Brighton is the city London wishes it could be
I have to praise you like I shouuuuuuld
Brighton gives a lot of blowjobs but no fucks. It’s the only city in the country where no one wistfully dreams of moving to London: they can keep their Fortress of Solitude-esque Qatari eyesores and that crippling sense of panic they get when someone stands on the left hand side of the escalator. We’re fine where we are thanks, flicking the ash from our rollies onto the pebble beach and sipping our room temperature Harveys Best.
As twentysomething Londoners fight like rats to secure the honour of an illegally-sublet airing cupboard in the far reaches of Walthamstow, down here in the dirty south we’re taking it easy. Here’s why.
The Lanes are what Shoreditch hasn’t been since 2004
In a world of Adidas-branded pop-up malls and bar nights hosted by marketing agencies, it is refreshing to know there are still places with a modicum of authentic street cred. Brighton is blessed with two of these hotspots – the Lanes and North Laine – where you can bag rare vinyls at Resident Records, pick up choice cuts from the subculture of your choice and buy anything from an ornate chaise longue to a cursed jewellery box in Snooper’s Paradise. Find me somewhere in Shoreditch you can still buy a cursed jewellery box. I dare you.
The clubs are cool while keeping it provincial
Brighton offers all the glitz and variety of a big night in London – at nearly half the price – married to the tacky provincial glory of a wonderfully shit local night out. Secret Discotheque at Coalition is where the world goes to lose its virginity and even though no-one knows what to call Digital anymore (The Arch? Coalition? The Nightclub Formerly Known As Digital?), it’s still an absolute treat to have the seafront as your smoking area. Oh, and Funfair’s VIP is a ball pool for Christ’s sake.
It’s a lowkey Mecca for celebrities
Imagine you’re Steve Coogan. You’ve spent the last six weeks driving around Italy with Rob Brydon, penning furrowed-browed op-eds on press censorship for The New Statesman and not quite breaking the surface of international self-sustaining fame, forever being the “hey, I know that guy but where from?” guy for American audiences. It’s a high-stress life for Steve Coogan.
Would you want to go back to a London flat after this if you were Steve Coogan? Would you fuck.
You’d want to live in a plush house on the cliffs, overlooking the best seaside city in Europe. And you wouldn’t be alone – famous residents Adele, Fatboy Slim, David Walliams and Chris Eubank all call Brighton (and Hove, actually) home. So did Sir Paul McCartney – until he lost it at the denouement of one of his less successful marriages.
Everyone from anywhere even slightly close claims they’re from Brighton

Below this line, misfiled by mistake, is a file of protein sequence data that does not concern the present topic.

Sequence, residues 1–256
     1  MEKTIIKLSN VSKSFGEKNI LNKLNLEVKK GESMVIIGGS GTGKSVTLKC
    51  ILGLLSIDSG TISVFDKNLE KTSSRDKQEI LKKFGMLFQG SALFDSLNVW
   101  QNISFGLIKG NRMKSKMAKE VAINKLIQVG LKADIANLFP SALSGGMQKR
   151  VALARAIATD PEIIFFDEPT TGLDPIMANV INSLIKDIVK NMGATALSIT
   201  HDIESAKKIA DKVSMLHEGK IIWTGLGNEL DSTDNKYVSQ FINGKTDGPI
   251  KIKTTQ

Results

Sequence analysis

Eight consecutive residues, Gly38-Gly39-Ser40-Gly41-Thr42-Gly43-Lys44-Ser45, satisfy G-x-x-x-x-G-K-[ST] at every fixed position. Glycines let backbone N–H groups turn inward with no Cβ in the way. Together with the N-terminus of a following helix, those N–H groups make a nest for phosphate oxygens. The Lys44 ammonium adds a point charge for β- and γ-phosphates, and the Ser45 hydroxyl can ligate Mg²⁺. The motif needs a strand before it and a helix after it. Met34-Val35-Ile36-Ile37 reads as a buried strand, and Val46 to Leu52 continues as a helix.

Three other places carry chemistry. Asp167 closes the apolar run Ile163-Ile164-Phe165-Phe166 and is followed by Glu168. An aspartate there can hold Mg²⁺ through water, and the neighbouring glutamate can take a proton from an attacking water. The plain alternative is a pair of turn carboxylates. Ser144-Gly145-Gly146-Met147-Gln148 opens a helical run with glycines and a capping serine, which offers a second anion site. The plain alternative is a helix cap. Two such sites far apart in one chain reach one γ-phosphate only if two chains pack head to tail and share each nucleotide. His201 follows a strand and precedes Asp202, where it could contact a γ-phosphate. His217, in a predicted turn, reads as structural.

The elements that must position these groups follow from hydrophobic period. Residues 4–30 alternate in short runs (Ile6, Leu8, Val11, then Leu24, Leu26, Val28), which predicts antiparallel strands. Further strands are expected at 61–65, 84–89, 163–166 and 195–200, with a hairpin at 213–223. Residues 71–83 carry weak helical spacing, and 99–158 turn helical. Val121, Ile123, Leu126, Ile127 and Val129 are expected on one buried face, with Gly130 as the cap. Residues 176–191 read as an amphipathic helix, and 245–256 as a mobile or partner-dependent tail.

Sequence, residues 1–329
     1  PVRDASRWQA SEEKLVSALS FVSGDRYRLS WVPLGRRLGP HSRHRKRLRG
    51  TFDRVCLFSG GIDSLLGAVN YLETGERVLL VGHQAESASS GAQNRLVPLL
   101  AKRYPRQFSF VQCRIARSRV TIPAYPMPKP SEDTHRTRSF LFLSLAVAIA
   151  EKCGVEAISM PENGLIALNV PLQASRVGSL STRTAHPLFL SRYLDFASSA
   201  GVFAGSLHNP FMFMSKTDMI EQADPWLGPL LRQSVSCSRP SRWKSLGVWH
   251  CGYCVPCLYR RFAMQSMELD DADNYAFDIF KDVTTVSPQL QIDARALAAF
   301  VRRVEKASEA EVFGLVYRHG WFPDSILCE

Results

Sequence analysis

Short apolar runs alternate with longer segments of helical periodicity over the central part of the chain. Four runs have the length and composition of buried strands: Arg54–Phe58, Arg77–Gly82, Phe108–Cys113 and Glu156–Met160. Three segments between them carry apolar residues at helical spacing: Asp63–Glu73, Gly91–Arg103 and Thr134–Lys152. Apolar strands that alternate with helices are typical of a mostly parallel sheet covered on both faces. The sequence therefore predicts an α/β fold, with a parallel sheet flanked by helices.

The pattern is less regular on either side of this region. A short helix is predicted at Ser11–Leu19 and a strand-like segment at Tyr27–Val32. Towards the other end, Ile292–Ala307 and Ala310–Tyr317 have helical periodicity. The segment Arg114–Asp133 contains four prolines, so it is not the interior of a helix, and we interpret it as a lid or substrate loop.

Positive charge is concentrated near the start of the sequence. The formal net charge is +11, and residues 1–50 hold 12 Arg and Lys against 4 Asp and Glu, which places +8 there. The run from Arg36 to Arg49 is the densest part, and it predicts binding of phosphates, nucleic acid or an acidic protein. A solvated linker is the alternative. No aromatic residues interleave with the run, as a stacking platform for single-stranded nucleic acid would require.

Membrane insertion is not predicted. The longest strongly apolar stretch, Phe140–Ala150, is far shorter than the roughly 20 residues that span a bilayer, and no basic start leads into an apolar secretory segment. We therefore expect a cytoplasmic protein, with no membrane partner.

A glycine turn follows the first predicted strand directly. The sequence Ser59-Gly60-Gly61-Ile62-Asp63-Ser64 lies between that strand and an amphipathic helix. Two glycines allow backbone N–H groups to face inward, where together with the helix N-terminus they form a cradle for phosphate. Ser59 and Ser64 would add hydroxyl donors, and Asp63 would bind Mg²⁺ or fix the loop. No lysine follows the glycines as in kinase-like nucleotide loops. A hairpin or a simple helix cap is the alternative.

You’re on the other side of the world, out for drinks, and you meet a friend of a friend. “You’re from Brighton too?!”, you say, stunned by the serendipity. But of course they’re not. They’re from Worthing or Eastbourne, trying to pass themselves off as a cool-by-association denizen of their Sussex cousin. I once met someone “from Brighton” who lived in Royal Tunbridge Wells. That is 36 miles away. Everyone in the southeast of England is united by their lust to be thought of as a Brightonian. And who can blame them?
Our newspaper headlines > all other newspaper headlines
It’s a shame print journalism is dying, because The Argus has acquired global notoriety for nailing their Chris Morris-esque headlines. The guy who writes them has 6,000 Facebook fans, and frankly, he deserves ten times that.
It’s a great place to be gay
Brighton is the gay capital of Europe, and we are proud of it. No one in Brighton has batted an eyelid at anything since the Regency era, nowhere on earth are people freer to be who they are. Gay people love how gay it is, straight women love how gay it is. Even the dogs love how gay it is.
The football team thinks it’s Barcelona
By all rights, Brighton and Hove Albion should be viewed in the same light as Brentford or Preston North End, as second-tier nearly-men who don’t have the budget or the skill set to get promoted to the Premier League. But the Seagulls are so much more than that. Brighton’s first team is peppered with imported Spanish flair, the residue from the influential reigns of Gus Poyet and Oscar Garcia. No, most of them couldn’t cut it at the Nou Camp or the Bernabeu – but their energy and passion have charmed the Championship for years – and who knows, they might make it through the play-offs this time round.
The ‘Brightonicity’ that surges through you when you arrive
The feeling you get as you pull over the Downs and see the city poured out in front of you giving way to the ocean, the buzz you get stepping off a bleak Southern train that’s been through harrowing places like Lancing and Aldrington – you don’t get a rush entering other British cities like you do with Brighton. Stepping out of the station, Queens Road rolled out before you like a red carpet, leading you towards a glistening sea, inviting you home. You just don’t get this at Victoria, you think to yourself, as you vow to never go north of Gatwick ever again.